I am starting this review with two caveats First, this book is engagingly written, and Joshua Wolf Shenk has done his research In spite of this, I don t think it s a good first book for anyone to read on Lincoln, because much of Shenk s focus is on revisionist history Although he does a laudable job providing brief overviews of some of the historiography on Lincoln, many readers will getfrom this if they have adetailed understanding of major events in Lincoln s life Second, as a I am starting this review with two caveats First, this book is engagingly written, and Joshua Wolf Shenk has done his research In spite of this, I don t think it s a good first book for anyone to read on Lincoln, because much of Shenk s focus is on revisionist history Although he does a laudable job providing brief overviews of some of the historiography on Lincoln, many readers will getfrom this if they have adetailed understanding of major events in Lincoln s life Second, as a medieval historian who gravitates to social and cultural history, I have profound concerns about psychological interpretations of the past As a graduate student, I was influenced by Thomas S Kuhn s study of the role of paradigms in science, and as someone who teaches history of sexuality I can point to many examples of how medical professionals, psychiatrists, psychologists, psychoanalysts, and scientists have constructed understandings of normality versus abnormality via frameworks that stem from the societies in which these scientists were trained and lived I m not suggesting that there is no physical or biological truth independent of culture however, I am arguing that cultural norms play an influential role in how people construct paradigms to explain the world around them, and that these paradigms are not restricted to myths and legends, but extend to other areas of life, including not only religion but also science I have particular concerns about applications of Freudian theory to other societies for example, Erik Erikson s Young Man Luther A Study in Psychoanalysis and History, in which Erikson applies psychoanalytic theory to understanding Martin Luther s life, made me alternatively laugh and grind my teeth Because of these concerns, I was happy to read Shenk s very clear statements in Lincoln s Melancholy How Depression Challenged a President and Fueled his Greatness that he was not interested in applying modern views of depression and mental health wholesale to his analysis of Lincoln s sadness I agree with the importance of his project, to expand studies of Lincoln into a his ideas, thoughts, emotions, contextualizing all these elements in Lincoln s culture The three stars I have given to this book show that, in my opinion, Shenk achieved this goal in part, but not completely Abraham LincolnShenk divides the book into three sections In the first, he explores Lincoln s childhood, family background, and young adulthood, while also providing a basic framework to understand how his life exemplifies certain aspects of depression In this discussion, he moves back and forth between modern definitions, and contemporary understandings of melancholy and hypochondriasis, delving both into literature on the history of medicine and primary sources written by Lincoln and his friends and associates Shenk also revisits historiographic controversy over Lincoln s relationship with Ann Rutledge, whose death occurred at the time of Lincoln s first major breakdown in 1835 Shenk carefully sifts through existing sources, and provides a cautious revisionist interpretation of what Rutledge may have meant to Lincoln Shenk concludes this section with a lengthy discussion of events in Lincoln s life leading up to his second major breakdown in 1840 1841 Once again, Shenk questions some historians assumption that a temporary parting with Mary Todd led to the breakdown, instead discussing the vague nature of evidence, recreating timelines, and expanding his consideration of stresses in Lincoln s life beyond the romantic to Lincoln s political career He spends much time discussing Lincoln s close friendship with Joshua Speed, drawing some parallels between their experiences and using Speed as a source on Lincoln s life in this period Throughout this section, Shenk argues that Lincoln s emotions fit patterns for melancholy in his time, and, to some extent, depression in our time I found particularly interesting Shenk s discussion of treatments of hypochondriasis and melancholy in Lincoln s time, and wish he had continued to focus on this context through, rather than relying as much as he did on ore current thinking about depression Ann Rutledge and Abraham Lincoln truth or myth In the second section of the book, Shenk shifts his focus to Lincoln s determination in the face of his melancholy He bore certain pressures as a self made man, a new role that put Lincoln particularly at risk to be intensely self critical and pessimistic, as he bore the responsibility for his achievements Shenk also explores some of the intellectual currents of Lincoln s time that fueled his intense self examination Throughout this discussion, Shenk provides some context to understand Lincoln s fatalism and sense of destiny, not only through cultural context, but also through an analysis of Lincoln s writings Mary Todd LincolnShenk s approach to understanding the persistence of Lincoln s melancholy after he was married shows a renewed reliance on modern understandings of depressionFrom the perspective of modern clinicians, the persistence and quality of Lincoln s symptoms call for a new diagnostic framework Major depressive disorder, which applies to Lincoln s earlier years, best describes a series of discrete episodes, even if they go on for many months at a time But when a condition lasts forthan two years, even with some breaks in symptoms, it is considered to be a chronic depression Episodic and chronic depressions have much in common, but the distinction matters Imagine a person who begins to travel abroad as a tourist The first few trips are memorable when they started, how long they lasted But if the trips grow in frequency and duration, at some point the tourist would become known as an expatriate The destination need not have changed, but the nature of the journey would call for a qualitative, not just a quantitative, distinction As it turns out, the land of chronic depression is one for which few guidebooks have been written The psychologist James P McCullough, Jr., one authority on the condition, describes it as grossly misdiagnosed, understudied, and undertreated This poses both a challenge and an opportunity in the study of Lincoln The existing literature can t definitively contextualize his experience But his life, supplemented with the shards of knowledge on chronic depression, can offer a new and valuable context In particular, it shows how depression, for good and for ill, can blend slowly, subtly, but surely with a person as he works to bring himself into balance I think that Shenk s approach, looking to Lincoln s life to lend perspective to depression, and looking to research on depression to understand Lincoln s life, leads him to rely too much on this modern perspective and research, especially in the second and third parts of the biography He did not have to take this approach in places, he discusses the 19th century view that melancholy led not only to suffering, but also to gifts for the sufferer And this argument constitutes Shenk s main thesis, which he explores in detail throughout his third section that Lincoln responded to his melancholy and breakdowns by deciding, at a certain point, that he had to continue on to fulfill a destiny much greater than he was, one that grew over time to be tied to the realization of the Founders view for this country as a place of freedom Lincoln recognized the gaps between this ideal and the reality of the Founders views as implemented, but he viewed American history as unfolding and leading towards progress According to Shenk, over time Lincoln saw the abolition of slavery as a means to help achieve this goal In addition, Lincoln s fatalism provided him with strengths during his Presidency, as he did not tend to be over optimistic in his assessment of the Union s progress in the Civil War.As a whole, I did like this book It s thoughtful, well researched, and engaging Shenk also provides some useful statements about the dangers of relying on modern definitions of depression to understand Lincoln His analysis of Lincoln s breakdowns after Ann Rutledge died in 1835 and in 1840 1841 provide some excellent examples of historical analysis of vague primary sources And many of Shenk s analysis of Lincoln are engaging, as in his chapter exploring Lincoln s coping strategies, including humor In the end, though, I found Shenk to be overly reliant on these models and research I wish he had devoted sometime to expanding on some of the fascinating contextual information he provides, as I think he s at his best when focusing on Lincoln s time period I also wish he had beenconsistent in his analysis in differentiating between contemporary reflections on Lincoln in letters and writings from the time , and retrospective reflections by Lincoln s associates and friends As a whole, though, this is a biography that provides a different emphasis to undertand Lincoln, as well as some new topics and themes to explore in studying the emotional and intellectual world of Lincoln and his contemporaries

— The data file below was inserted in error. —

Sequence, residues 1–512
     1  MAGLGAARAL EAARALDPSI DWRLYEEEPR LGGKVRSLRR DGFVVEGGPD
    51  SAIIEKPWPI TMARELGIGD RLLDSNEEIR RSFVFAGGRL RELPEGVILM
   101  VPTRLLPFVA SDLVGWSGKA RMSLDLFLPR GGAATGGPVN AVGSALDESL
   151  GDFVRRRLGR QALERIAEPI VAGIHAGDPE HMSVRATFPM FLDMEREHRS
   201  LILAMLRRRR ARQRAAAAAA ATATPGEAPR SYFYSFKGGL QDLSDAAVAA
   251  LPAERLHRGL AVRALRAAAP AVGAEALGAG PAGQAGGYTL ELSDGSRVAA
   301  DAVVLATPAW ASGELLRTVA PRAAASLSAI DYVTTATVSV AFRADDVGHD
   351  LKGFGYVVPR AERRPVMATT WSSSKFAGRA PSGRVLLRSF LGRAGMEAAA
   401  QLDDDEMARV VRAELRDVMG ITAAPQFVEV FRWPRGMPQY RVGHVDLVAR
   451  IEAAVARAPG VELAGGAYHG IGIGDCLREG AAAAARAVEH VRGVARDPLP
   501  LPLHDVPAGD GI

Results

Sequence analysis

2. Always Pouting Always Pouting says: